In short sales, the lenders have the final say.

Sylvia
0 votes Thank Flag Link Fri Jul 4, 2008
Sylvia Barry,…, Real Estate Pro in Marin, CA
MVP'08
Contact
I have to agree with you - I have been very frustrated by some listing agents who handle short sale and REOs, Really, all they have to do is to pick up the phone or email and let people konw about any status change.

Sounds to me that in this case, the seller just does not want to deal with counter offers back and forth, and just want the best and final offer from whoever who submits an offer.

Being a short sale, the sold price will be much less than the money the seller owned the lender(s), the more you offer the better chance the offer will be accepted by the lender, so we usually continue to accept offer until the lender agrees and send a short sale approval to a specific price and/or offer.

The fact that YOU submitted your best and final offer, does not mean it's a price the lender will accept; also does not mean other people's best and final offer is not better than yours.

I think what is really wrong is the fact that the listing agent told you something that's not true - that they are not accepting any more offer, while they still are.

Even if your offer was rejected by the lender and she started to accept offer again, the agent should have called your agent and let you know that's the case so you have the opportunity to up your offer or start looking at other homes. This is just the right thing to do.

Sylvia .
0 votes Thank Flag Link Fri Jul 4, 2008
Sylvia Barry,…, Real Estate Pro in Marin, CA
MVP'08
Contact
In my experience, banks are the absolute WORST at negotiating a short sale. You're better off waiting until the property forecloses. While there may be a competent listing agent, a bank will OK one offer, only to renege later. That the agent isn't being up front with your offer simply means that they are representing the seller in an effort to get the best possible price, but there is no excuse for not relaying all pertinent info (e.g., "the bank is not cooperating- they still insist on other offers."). Ethical? No. Reality with "short sales"? Yes.
Web Reference: http://optionsrealty.com
0 votes Thank Flag Link Fri Jul 4, 2008
Scott,

Article 1 of the realtors code of ethics states:

"When serving a buyer, seller, landlord, tenant or other party in a non-agency capacity, REALTORS® remain obligated to treat all parties honestly. (Amended 1/01)"

Taking your words at face value I would say that the agent has violated article 1 because they lied to you about taking the property off of the market. My recommendation would be to have your agent speak to the listing agent about this.

Cameron Piper
Web Reference: http://www.campiper.com
0 votes Thank Flag Link Fri Jul 4, 2008
I think that short sales are a waste of time. I was lied to for several months, getting the same run around as you. In the end, the bank foreclosed on the property anyway and put it up for auction. You don't have a contract for sale until the bank approves your offer. Therefore, the seller can continue to accept new offers to throw at the bank in hopes that the bank will actually approve one. Save yourself the drama and withdraw your offer. You can get the property for less money when the bank takes ownership and buy it as an REO.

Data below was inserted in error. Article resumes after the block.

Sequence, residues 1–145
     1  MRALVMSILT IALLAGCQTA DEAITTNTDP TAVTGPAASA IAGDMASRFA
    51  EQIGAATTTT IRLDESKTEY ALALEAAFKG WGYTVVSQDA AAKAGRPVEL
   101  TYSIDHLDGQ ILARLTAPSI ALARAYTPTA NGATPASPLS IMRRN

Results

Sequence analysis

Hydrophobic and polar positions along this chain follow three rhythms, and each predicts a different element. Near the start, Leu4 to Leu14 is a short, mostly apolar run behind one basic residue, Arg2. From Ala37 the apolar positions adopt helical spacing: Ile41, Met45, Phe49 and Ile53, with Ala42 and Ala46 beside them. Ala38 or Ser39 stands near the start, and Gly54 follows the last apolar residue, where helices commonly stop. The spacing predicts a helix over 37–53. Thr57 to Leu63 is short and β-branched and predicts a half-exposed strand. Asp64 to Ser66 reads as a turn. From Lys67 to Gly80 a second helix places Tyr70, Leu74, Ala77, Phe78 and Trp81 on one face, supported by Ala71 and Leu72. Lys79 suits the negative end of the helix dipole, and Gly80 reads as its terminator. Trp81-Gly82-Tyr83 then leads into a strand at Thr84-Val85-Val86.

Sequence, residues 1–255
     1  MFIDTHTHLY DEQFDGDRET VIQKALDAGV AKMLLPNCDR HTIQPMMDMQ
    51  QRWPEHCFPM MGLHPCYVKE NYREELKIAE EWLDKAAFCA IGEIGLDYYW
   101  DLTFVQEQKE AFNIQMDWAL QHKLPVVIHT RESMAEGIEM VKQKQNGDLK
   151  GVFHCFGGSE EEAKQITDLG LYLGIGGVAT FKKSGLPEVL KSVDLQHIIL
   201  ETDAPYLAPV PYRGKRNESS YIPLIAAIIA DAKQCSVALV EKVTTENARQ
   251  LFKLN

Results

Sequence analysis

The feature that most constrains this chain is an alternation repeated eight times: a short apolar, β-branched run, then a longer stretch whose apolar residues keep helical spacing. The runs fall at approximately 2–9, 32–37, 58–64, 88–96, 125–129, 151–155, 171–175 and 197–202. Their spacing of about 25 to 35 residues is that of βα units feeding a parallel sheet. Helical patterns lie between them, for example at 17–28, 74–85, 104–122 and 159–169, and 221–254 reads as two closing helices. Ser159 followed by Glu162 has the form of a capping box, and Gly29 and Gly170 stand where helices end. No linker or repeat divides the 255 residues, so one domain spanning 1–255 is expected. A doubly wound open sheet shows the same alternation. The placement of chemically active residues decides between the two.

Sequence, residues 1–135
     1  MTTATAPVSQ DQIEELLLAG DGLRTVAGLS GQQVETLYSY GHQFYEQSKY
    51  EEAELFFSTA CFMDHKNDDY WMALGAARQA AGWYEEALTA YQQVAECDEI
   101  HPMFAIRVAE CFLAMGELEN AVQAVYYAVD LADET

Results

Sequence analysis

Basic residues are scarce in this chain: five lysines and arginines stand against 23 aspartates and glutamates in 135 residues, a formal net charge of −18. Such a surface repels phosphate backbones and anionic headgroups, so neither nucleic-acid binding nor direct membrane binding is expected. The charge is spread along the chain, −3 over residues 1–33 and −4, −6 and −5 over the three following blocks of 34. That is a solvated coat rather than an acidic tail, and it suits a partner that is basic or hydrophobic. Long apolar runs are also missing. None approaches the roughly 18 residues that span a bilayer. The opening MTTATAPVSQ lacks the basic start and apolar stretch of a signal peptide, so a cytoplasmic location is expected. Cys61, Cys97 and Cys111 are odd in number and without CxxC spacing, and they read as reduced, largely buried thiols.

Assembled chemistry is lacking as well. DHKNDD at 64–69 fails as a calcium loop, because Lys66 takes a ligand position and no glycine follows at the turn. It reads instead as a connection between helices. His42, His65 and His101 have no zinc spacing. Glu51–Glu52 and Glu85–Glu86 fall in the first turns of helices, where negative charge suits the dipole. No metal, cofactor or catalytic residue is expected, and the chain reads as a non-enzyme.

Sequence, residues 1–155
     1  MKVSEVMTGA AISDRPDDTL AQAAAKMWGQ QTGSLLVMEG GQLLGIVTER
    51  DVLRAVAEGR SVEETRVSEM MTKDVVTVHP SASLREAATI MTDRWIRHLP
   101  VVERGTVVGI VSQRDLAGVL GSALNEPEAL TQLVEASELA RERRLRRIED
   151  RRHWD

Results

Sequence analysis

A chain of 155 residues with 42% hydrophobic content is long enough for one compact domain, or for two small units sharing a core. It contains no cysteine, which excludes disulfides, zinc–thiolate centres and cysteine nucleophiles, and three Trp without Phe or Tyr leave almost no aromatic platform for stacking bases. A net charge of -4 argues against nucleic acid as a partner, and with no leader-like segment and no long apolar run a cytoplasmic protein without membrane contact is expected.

0 votes Thank Flag Link Fri Jul 4, 2008
Scott,
Short sale is usually priced below market because we know that the process takes time and by the time you have an approval, the value is already low. To be honest with you, you need an expert agent to monitor the value and fight for your offer. I am closing a short sale right now that that had an asking price of 350k in Norwalk, the listing agent told me that the bank had an appraisal and that they couldn't sell it for the price I am asking. I ran my own comps (CMS) and sent it the agent to send it with my offers. The next day I had an answer - my offer was accepted. If you put an offer on short sale, don't lose your interest. Ask your agent to keep checking to see if there's an approval. Not checking it for months probably let the other agent know that you don't want it anymore, therefore they need to keep doing open houses to get more offers.

Good luck,
Charita King 562-276-8681
0 votes Thank Flag Link Fri Jul 4, 2008
Yes all foreclosures, pre foreclosures, short sales have drama.
http://www.lynn911.com
0 votes Thank Flag Link Fri Jul 4, 2008
Scott,
The listing agent should not alter the listing price AFTER receiving contingent offer(s), unless they have written lender approval. Instead of YOU offering your highest and best, you should require a counter-offer in writing from the seller's lender. Yes, the listing agent can still market the property and accept BACK-UP OFFERS. Did you sign a C.A.R. Form SSA? Just last week, another new client contacted me to represent them on a short sale offer. I specialize in assisting both buyers and sellers find clarity in today's uncertain marketplace. I now have 4 pending offers out, all of them happen to be on short sale listings. I also have an additional dozen offers waiting for lender approval for one investor client. I also use a "Confidentiality Agreement" with my offers. I am probably one the few agents in Ventura County that does. Wouldn't you feel more confortable if your offer wasn't being used to leverage a higher offer? Enjoy your 4th of July!
0 votes Thank Flag Link Thu Jul 3, 2008